Last month, the PTAB issued a final written decision in the first IPR based on a design patent. Munchkin, Inc. and Toys “R” US, Inc. v. Luv N’ Care, Ltd, IPR 2013-00072 (Paper No. 28) (April 21, 2014). In that decision, the PTAB invalidated the sole claim of Design Patent No. D617,465, directed to a Drinking Cup.

Petitioners Munchkin and Toys “R” US requested an inter partes review of the ’465 patent, assigned to Luv N’ Care, maker of toddler drinking cups sold under the Nuby brand. The PTAB granted the petition and instituted the trial based on two references applied in obviousness rejections. In its response, Luv N’ Care conceded that the sole claim of the patent was not patentably distinct over the two references. But Luv N’ Care then argued that the two references were not prior art, because the ’465 patent was entitled to the effective filing date of its parent application, which was filed more than two years before either obviousness reference. To the extent that the ’465 patent was not supported by the parent application under 35 U.S.C. § 112, Luv N’ Care sought to amend the ’465 patent such that it would be supported.

First, the PTAB determined that the ’465 patent was not entitled to the effective filing date of its parent application, because, as depicted by the PTAB, the ’465 patent has multiple differences over the parent application:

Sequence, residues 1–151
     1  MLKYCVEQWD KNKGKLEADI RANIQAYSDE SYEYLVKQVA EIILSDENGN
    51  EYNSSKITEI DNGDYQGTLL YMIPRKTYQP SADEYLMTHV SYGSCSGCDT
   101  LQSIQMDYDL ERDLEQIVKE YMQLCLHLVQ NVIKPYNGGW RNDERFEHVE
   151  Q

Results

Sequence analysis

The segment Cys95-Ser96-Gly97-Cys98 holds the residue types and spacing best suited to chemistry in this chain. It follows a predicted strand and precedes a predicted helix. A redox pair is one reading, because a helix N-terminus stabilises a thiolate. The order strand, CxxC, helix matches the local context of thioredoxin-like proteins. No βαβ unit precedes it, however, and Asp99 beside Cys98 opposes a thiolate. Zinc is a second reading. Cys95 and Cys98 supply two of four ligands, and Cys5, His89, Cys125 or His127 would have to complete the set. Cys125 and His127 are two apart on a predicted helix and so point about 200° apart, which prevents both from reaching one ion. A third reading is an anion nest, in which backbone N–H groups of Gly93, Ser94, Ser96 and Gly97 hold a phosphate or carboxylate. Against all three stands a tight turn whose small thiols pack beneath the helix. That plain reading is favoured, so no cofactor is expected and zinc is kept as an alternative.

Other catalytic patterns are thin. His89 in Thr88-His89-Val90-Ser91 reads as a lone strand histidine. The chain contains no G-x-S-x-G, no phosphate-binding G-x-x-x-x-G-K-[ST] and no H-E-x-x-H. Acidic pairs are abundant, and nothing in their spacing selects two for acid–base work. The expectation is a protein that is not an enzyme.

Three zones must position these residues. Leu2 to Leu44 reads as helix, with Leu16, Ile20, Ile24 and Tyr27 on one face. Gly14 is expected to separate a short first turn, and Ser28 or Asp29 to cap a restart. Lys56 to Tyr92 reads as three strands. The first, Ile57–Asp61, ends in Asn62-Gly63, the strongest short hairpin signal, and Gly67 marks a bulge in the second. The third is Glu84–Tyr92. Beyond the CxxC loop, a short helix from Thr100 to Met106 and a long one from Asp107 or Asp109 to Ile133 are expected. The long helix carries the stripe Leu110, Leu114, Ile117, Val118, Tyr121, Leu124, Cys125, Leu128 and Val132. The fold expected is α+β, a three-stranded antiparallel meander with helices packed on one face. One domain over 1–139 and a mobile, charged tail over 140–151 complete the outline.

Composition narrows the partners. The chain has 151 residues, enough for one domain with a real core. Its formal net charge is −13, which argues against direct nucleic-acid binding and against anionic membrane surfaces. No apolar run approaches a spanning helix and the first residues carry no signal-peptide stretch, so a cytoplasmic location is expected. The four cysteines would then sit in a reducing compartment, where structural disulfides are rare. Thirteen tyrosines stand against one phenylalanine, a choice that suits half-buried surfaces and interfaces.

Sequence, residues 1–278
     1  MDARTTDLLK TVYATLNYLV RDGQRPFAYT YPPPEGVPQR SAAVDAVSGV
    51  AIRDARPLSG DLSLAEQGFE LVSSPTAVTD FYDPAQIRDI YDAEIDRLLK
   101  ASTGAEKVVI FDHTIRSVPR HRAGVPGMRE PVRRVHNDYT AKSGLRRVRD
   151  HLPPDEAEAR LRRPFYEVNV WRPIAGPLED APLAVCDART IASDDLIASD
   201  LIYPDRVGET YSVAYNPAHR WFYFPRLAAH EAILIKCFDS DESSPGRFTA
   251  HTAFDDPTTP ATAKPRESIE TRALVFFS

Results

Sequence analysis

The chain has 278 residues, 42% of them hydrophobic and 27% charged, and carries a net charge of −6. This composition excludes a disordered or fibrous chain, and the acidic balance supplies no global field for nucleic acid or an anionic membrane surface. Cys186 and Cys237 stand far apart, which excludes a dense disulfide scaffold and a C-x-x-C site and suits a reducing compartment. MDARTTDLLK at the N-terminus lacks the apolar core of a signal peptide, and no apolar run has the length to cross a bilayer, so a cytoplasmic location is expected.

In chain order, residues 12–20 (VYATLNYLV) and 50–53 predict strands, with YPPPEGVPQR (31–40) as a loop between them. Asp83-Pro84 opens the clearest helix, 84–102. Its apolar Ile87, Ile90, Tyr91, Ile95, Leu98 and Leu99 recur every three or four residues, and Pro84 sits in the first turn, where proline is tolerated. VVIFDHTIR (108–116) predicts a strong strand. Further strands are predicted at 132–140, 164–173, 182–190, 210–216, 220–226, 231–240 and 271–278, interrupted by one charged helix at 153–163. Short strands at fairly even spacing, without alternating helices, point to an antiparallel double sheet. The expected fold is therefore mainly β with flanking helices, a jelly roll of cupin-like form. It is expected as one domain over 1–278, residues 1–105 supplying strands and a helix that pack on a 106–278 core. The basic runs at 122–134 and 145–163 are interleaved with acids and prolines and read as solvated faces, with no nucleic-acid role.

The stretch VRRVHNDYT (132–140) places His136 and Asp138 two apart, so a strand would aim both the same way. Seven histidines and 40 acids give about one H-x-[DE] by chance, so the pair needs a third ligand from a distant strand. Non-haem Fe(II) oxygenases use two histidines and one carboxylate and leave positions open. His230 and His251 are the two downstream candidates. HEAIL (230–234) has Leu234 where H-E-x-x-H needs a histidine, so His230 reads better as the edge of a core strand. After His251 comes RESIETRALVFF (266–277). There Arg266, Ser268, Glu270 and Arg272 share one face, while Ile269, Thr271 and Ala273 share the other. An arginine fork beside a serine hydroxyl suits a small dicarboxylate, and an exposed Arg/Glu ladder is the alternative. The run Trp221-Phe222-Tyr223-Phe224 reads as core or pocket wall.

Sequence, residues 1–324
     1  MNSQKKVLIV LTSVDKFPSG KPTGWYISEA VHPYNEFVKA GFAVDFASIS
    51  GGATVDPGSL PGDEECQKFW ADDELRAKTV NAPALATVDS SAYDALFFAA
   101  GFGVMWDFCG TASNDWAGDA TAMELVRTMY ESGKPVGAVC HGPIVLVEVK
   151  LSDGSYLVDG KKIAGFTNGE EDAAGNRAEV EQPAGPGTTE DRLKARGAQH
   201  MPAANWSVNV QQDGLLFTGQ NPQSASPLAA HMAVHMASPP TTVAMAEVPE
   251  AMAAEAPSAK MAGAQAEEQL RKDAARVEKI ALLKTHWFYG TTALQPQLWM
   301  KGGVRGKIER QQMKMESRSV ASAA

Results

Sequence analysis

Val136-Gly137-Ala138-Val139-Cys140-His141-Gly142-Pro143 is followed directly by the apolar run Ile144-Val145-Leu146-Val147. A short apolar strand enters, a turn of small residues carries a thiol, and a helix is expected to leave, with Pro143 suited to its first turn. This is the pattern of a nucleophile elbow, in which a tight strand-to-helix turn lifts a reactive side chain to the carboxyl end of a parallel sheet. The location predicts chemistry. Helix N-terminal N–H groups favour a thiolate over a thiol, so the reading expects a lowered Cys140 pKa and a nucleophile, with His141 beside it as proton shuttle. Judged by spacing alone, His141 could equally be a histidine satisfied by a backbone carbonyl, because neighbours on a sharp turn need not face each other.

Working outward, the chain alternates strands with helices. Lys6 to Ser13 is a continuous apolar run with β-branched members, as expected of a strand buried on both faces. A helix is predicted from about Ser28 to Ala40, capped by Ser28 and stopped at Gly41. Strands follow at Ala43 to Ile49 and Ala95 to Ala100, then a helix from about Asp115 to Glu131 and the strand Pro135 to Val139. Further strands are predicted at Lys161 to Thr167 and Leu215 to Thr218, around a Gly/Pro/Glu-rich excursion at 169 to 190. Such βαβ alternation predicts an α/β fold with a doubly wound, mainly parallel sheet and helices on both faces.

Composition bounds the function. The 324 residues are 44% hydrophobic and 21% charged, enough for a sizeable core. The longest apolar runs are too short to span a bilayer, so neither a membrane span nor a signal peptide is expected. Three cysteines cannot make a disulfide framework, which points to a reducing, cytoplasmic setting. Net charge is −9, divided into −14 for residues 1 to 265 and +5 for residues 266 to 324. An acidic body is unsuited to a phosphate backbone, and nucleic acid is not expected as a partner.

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Specifically, these differences included: (1) the size of the outer boundary of the spout tip; (2) the oval shape of the claimed design spout tip, as compared to the “racetrack” shape of the parent application; and (3) the three concentric rings of the spout tip of the claimed design, not disclosed in the parent application.

Second, the PTAB denied Luv N’ Care’s motion to amend because it sought to enlarge the scope of the claim. In particular, the PTAB noted that the spout tip of the issued claim included three concentric rings, whereas the spout tip of the proposed amendment included only two rings.

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While the proposed amendment might be narrower in some respects, the PTAB determined that it was broader in others, and thus, not permissible.